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Christie's is a leading art business and a fine arts auction house.


The official company literature states that founder James Christie conducted the first sale in Londonmarker, Englandmarker on 5 December 1766, and the earliest auction catalogue the company retains is from December 1766. However, other sources note that James Christie rented auction rooms from 1762, and newspaper advertisements of Christie's sales dating from 1759 have also been traced.

Christie's soon established a reputation as a leading auction house, and took advantage of London's new found status as the major centre of the international art trade after the French Revolution.

Christie's was a public company, listed on the London Stock Exchange from 1973 to 1999, after which it was taken into private ownership by Frenchman François Pinault.

On December 28, 2008, the Sunday Times reported that Pinault's debts left him "considering" the sale of Christie's and that a number of "private equity groups" were thought to be interested in its acquisition. In January 2009, Christie's was reported to employ 2,100 people worldwide, though an unspecified number of staff and consultants were soon to be cut due to a worldwide downturn in the art market; later news reports said that 300 jobs would be cut. With sales for premier Impressionist, Modern, and contemporary artworks tallying only $US248.8 million in comparison to $US739 million just a year before, a second round of job cuts began after May 2009 when the auction house was still reported to employ 1,900 people worldwide. One of the auction house's "rainmakers" in the sale of Impressionist and Modern art, Guy Bennett, resigned from the auction house just prior to the beginning of the summer 2009 sales season. Although the economic downturn has encouraged some collectors to sell art, others are unwilling to sell in a market which may yield only bargain prices.

The Christie's New York sign was created by Nancy Meyers during the production of Something's Gotta Give for an exterior shot. The auction house liked the sign so much that they requested the production leave it after shooting finished.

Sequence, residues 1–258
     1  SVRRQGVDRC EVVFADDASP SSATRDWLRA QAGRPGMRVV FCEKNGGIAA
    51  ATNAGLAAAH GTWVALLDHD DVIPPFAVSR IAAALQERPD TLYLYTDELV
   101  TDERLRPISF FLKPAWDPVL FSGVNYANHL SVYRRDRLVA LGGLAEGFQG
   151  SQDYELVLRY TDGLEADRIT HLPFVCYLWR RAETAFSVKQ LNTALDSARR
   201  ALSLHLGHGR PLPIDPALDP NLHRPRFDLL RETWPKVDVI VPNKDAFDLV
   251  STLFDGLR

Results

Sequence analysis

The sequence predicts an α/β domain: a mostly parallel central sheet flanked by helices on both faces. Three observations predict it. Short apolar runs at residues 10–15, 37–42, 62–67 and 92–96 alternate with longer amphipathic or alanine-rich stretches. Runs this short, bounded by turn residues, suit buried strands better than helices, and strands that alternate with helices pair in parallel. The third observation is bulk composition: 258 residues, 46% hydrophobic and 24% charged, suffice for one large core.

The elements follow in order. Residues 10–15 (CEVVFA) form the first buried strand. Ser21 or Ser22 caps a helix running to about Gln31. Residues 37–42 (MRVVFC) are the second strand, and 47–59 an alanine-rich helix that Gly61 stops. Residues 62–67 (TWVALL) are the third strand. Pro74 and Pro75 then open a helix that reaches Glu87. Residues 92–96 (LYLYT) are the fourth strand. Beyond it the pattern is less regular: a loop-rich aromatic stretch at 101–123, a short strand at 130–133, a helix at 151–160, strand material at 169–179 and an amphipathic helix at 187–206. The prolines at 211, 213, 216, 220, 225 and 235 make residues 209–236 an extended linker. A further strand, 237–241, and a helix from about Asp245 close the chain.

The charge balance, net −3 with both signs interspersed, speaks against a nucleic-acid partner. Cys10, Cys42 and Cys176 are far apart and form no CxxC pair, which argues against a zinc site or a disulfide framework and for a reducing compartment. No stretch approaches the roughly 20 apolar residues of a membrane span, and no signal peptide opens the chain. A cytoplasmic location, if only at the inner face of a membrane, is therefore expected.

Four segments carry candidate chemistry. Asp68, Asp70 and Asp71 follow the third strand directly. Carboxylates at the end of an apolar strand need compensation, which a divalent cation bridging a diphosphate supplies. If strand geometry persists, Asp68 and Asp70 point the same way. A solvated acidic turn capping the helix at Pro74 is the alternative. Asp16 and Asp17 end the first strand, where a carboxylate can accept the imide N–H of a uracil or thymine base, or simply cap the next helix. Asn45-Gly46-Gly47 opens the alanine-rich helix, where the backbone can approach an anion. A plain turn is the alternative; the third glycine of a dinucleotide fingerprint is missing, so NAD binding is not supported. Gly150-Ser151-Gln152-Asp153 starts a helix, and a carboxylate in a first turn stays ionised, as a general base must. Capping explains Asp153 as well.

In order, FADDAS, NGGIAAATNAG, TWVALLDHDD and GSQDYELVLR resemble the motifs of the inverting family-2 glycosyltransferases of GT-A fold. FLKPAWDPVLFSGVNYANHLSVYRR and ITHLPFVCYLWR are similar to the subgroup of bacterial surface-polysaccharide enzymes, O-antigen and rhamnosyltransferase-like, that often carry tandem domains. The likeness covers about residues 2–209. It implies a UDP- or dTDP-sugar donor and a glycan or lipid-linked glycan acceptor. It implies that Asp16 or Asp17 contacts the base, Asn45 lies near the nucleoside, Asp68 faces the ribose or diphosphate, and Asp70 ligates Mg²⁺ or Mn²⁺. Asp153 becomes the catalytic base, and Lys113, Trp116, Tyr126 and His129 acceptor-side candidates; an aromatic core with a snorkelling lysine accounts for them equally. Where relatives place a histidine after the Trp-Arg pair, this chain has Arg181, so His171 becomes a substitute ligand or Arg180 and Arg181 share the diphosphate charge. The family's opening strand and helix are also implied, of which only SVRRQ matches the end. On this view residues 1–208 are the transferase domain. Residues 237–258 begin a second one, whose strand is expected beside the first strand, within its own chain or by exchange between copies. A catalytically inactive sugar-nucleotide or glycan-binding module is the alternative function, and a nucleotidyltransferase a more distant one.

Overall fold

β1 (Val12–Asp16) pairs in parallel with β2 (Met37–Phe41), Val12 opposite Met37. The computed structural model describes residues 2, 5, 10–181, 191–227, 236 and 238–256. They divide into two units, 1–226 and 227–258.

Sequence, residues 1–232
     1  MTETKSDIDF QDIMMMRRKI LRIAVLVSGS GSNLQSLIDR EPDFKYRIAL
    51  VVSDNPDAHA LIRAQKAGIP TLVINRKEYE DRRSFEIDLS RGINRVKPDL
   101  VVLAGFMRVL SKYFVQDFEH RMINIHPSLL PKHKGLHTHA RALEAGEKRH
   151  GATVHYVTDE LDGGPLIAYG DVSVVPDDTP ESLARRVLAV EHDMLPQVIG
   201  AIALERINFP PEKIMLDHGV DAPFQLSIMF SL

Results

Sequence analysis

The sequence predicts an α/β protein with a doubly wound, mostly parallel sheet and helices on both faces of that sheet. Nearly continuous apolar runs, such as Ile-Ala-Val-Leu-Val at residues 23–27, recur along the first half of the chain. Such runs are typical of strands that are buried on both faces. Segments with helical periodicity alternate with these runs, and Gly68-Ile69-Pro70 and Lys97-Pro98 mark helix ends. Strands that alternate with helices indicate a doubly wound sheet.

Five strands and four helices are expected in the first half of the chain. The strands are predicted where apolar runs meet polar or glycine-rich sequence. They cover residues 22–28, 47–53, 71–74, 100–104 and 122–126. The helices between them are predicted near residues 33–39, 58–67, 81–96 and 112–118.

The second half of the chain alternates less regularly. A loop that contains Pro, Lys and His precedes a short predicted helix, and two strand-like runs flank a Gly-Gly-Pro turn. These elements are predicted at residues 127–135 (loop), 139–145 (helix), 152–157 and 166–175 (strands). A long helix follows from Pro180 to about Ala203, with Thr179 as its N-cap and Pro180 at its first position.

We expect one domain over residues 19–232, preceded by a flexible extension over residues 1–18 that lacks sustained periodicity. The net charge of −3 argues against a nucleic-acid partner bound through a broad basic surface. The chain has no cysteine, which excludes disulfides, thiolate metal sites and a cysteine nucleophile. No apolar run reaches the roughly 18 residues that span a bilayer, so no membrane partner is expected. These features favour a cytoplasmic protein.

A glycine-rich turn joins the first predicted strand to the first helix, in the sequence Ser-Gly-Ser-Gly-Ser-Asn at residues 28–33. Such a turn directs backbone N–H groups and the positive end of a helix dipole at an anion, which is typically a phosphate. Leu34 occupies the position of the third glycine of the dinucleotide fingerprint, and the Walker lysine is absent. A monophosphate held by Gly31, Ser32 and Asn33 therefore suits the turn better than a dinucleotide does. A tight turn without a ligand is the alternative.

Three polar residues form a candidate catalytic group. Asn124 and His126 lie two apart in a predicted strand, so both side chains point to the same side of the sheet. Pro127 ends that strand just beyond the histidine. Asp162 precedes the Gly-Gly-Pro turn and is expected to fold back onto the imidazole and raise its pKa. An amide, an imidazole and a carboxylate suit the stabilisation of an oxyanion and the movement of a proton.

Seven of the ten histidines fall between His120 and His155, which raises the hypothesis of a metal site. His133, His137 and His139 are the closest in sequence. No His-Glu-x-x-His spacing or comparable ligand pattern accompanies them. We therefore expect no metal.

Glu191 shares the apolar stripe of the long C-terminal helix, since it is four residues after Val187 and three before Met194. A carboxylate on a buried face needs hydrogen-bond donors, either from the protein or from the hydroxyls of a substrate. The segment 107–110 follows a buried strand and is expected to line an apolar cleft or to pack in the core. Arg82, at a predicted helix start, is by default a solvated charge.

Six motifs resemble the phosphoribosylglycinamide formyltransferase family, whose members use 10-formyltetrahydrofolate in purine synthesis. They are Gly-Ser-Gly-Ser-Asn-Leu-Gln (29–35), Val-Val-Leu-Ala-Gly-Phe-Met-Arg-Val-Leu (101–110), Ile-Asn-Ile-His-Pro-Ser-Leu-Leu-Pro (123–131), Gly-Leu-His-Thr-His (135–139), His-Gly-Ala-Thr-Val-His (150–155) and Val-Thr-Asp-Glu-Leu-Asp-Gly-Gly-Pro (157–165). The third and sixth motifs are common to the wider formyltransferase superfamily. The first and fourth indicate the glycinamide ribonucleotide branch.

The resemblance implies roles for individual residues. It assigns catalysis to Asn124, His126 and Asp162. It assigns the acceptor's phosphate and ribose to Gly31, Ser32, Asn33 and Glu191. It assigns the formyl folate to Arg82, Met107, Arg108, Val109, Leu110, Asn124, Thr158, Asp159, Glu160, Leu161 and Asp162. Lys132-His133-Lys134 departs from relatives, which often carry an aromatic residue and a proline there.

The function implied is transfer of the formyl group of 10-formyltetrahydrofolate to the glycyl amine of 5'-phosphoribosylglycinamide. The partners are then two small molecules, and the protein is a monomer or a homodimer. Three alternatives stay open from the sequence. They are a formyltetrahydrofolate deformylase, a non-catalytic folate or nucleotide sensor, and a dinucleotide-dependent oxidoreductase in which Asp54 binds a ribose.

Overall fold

Christie's main London salesroom is on King Street in St. James'smarker, where it has been based since 1823. It has a second London salesroom in South Kensingtonmarker which opened in 1975 and primarily handles the middle market. Christie's South Kensington is one of the worlds busiest auction rooms.

As of January 2009, Christie's had 85 offices (not all are salesrooms) in 43 countries, including New York Citymarker, Los Angelesmarker, Parismarker, Genevamarker, Amsterdammarker, Moscowmarker, Viennamarker, Buenos Airesmarker, Berlinmarker, Romemarker, South Koreamarker, Milanmarker, Spainmarker, Japanmarker, Chinamarker, Australia, Hong Kongmarker, Singaporemarker, Bangkokmarker, Tel Avivmarker, Dubaimarker, and Mexico Citymarker. In 1995, Christie's became the first international auction house to exhibit works of art in Beijing, China.

Price-fixing scandal

In 2000, allegations surfaced of a price-fixing arrangement between Christie's and Sotheby's, another major auction house. Executives from Christie's subsequently alerted the Department of Justice of their suspicions of commission-fixing collusion.

Christie's gained immunity from prosecution in the United States after a longtime employee of Christie's confessed and cooperated with the U.S. Federal Bureau of Investigationmarker. Numerous members of Sotheby's senior management were fired soon thereafter, and A. Alfred Taubman, the largest shareholder of Sotheby's at the time, took most of the blame; he and Dede Brooks (the COO) were given jail sentences.

Notable auctions

  • In 1987, during the Royal Albert Hallmarker auction, Christie's famously auctioned off a Bugatti Royale automobile for a world record price of £5.5 million.
  • In May 1989, Pontormo's Portrait of a Halberdier was sold to the J.marker Paul Getty Museummarker for $35.2 million, more than tripling the previous auction record for an Old Master painting.
  • In 1998, Christie's in New York sold the famous Archimedes Palimpsest after the conclusion of a lawsuit in which its ownership was disputed.
  • May 16, 2006, Christie's auctioned a Stradivarius called The Hammer for a record US$3,544,000. It was, at that time, the most paid at public auction for any musical instrument.
  • Oct 2006, Christie's auctioned 1,000 lots of official Star Trek contents from the CBS Paramount Television studios. A model of the starship Enterprise-D, used in Star Trek: The Next Generation and Star Trek Generations sold for $576,000.
  • Nov 2006, 4 celebrated paintings by Gustav Klimt were sold for a total of $192 million, after being restituted by Austriamarker to Jewish heirs after a lengthy legal battle.
  • Dec 2006, The black dress worn by Audrey Hepburn in the film Breakfast at Tiffany's was sold for £467, 200 at Christie's South Kensington.
  • Continuing to dominate the global market for fine arts, Christie's staged the five largest auctions of all time in November 2006, and May and June 2007.